In 1867, Bismarck said: 'Anyone who has looked into the eyes of a soldier dying on the battlefield will think hard before starting a war.' Analyse Bismarck's foreign policy in the light of these words

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  1. In 1867, Bismarck said: 'Anyone who has looked into the eyes of a soldier dying on the battlefield will think hard before starting a war.' Analyse Bismarck's foreign policy in the light of these words.

Bismarck's unification of Germany happened through three deliberate wars. From this perspective the statement rings false and almost seems to imply Bismarck was completely unaware of his own actions. However Bismarck was not an idealist but rather a proponent of realpolitik – he definitely did not shy away from using wars and power as means to an end. In this light the statement achieves new meaning: Bismarck rather saw war as something that should be used with the uttermost care. This can be seen both in his careful planning of the three wars which lead to the unification of Germany and his policies in the postwar era where his main motive was to preserve peace on the European mainland.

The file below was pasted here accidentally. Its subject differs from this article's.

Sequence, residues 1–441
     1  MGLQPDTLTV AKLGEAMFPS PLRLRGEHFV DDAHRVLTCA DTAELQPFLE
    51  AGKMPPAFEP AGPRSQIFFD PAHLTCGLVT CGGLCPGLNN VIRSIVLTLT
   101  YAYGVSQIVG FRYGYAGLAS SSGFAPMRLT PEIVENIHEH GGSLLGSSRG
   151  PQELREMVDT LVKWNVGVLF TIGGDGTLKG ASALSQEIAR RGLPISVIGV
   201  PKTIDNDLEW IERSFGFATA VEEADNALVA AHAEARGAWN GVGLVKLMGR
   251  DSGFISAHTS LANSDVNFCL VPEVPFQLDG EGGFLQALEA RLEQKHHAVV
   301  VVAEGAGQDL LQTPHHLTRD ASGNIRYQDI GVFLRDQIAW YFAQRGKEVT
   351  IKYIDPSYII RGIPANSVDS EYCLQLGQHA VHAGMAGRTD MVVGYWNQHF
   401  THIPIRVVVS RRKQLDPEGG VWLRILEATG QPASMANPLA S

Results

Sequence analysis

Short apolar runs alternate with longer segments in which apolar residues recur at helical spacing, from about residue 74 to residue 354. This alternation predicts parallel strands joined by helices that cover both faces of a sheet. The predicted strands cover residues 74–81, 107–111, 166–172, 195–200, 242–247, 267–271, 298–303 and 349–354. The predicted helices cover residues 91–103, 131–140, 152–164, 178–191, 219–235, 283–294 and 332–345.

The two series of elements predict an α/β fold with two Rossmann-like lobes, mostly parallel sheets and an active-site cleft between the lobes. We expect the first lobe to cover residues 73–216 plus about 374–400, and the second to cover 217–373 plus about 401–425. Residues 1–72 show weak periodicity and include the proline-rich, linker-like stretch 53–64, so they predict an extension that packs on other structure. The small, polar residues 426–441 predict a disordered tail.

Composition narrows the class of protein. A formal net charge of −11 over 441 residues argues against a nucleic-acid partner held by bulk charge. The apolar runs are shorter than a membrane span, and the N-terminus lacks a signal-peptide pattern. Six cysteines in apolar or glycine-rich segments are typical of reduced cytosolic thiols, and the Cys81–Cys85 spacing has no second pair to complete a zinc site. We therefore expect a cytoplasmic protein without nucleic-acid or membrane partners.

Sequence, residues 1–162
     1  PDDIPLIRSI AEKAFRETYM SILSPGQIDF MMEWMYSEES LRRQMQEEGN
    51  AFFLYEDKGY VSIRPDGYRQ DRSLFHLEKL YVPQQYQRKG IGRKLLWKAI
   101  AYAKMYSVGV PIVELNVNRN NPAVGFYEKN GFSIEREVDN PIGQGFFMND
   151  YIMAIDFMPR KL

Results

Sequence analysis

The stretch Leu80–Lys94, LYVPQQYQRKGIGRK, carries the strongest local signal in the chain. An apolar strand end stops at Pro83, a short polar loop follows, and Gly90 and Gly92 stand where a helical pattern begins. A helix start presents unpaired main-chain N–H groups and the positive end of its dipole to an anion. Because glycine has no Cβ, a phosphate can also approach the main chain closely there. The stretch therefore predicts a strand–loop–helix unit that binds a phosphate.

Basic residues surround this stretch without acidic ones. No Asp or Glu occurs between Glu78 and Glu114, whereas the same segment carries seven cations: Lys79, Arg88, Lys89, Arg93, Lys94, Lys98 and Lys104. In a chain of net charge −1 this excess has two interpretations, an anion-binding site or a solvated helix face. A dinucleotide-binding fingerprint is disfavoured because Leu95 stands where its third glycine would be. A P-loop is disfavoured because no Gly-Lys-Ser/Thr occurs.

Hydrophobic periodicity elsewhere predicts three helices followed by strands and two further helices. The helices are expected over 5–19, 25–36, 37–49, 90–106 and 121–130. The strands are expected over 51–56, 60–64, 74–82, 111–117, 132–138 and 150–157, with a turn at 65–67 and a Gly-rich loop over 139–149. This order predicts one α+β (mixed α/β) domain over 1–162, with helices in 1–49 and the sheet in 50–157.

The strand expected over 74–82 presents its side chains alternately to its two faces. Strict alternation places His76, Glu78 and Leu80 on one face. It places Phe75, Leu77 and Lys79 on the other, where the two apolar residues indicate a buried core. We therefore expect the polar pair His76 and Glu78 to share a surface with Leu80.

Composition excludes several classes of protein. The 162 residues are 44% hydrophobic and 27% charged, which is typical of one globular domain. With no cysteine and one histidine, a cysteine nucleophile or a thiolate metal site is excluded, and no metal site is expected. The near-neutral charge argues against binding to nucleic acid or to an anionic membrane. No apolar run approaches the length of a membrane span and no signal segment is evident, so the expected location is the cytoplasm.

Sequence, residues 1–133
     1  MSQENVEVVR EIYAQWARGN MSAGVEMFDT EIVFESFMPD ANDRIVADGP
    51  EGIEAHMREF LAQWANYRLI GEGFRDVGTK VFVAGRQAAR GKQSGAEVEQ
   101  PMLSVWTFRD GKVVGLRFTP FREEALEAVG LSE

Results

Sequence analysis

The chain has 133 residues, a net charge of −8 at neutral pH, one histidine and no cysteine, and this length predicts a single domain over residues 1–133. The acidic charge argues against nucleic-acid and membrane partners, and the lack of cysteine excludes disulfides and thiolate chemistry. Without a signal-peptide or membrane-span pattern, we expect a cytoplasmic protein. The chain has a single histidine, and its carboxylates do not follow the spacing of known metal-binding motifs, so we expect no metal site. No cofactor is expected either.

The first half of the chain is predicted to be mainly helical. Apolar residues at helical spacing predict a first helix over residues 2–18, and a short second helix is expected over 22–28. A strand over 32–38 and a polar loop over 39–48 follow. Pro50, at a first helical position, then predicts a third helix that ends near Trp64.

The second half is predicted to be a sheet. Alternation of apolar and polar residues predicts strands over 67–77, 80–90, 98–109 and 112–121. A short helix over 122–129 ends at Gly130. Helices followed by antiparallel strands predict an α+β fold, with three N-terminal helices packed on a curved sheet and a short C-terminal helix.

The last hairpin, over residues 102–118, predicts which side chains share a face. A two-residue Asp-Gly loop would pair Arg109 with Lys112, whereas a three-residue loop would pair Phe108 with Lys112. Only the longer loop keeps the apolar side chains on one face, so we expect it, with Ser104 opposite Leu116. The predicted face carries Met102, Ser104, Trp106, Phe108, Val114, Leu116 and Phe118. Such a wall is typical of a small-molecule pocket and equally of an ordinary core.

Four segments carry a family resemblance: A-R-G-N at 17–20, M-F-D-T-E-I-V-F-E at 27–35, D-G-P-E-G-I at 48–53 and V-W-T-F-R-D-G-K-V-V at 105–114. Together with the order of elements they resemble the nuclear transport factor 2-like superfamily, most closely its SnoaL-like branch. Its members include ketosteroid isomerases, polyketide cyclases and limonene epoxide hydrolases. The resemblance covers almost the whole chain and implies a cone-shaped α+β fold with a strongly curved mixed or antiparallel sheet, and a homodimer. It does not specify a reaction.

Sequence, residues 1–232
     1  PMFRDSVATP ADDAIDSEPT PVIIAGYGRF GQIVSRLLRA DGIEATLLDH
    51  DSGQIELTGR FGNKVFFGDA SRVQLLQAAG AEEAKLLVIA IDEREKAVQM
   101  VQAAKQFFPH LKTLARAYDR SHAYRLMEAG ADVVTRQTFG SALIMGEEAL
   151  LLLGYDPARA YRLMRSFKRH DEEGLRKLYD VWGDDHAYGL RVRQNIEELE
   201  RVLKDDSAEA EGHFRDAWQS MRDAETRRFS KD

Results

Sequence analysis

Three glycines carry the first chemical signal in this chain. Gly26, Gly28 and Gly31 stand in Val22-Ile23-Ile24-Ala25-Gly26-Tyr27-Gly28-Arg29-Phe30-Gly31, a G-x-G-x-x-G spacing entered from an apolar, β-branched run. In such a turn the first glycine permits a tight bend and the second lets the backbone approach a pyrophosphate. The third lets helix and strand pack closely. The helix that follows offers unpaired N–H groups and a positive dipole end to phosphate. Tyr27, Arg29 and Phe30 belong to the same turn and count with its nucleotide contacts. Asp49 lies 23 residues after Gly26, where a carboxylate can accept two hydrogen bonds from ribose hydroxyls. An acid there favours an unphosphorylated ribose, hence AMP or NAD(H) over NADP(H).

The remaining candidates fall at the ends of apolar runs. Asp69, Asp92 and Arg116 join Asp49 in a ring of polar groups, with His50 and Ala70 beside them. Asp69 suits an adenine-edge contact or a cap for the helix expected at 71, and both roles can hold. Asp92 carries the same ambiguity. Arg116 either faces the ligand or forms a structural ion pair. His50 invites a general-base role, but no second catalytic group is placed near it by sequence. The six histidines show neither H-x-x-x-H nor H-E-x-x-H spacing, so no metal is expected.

The Second Schleswig War was clever use by Bismarck of the circumstances existing in Denmark at that moment. The Danish king signed a constitution claiming Schleswig and Holstein as Danish territory in 1863, which was in direct disagreement with an earlier protocol which claimed Denmark, Schleswig and Holstein were to be separately ruled. The German confederation tried to solve the crisis by diplomatic means but got nowhere. Bismarck saw his opportunity to expand Prussia's borders and prove that Prussia was a power to be reckoned with so he entered a military alliance with Austria and attacked the Danish forces in Schleswig and Holstein. The Prussian and Austrian forces were overwhelming and Denmark had to agree to let Schleswig and Holstein fall under Prussian and Austrian control. Already in this war can Bismarck's carefulness be seen: he did not engage in the conflict by pure chance but rather used the crisis as it emerged as a way to expand into the militarily weaker Denmark while still playing the role of 'the good guy' and even then he enlisted the help of Austria to ensure victory.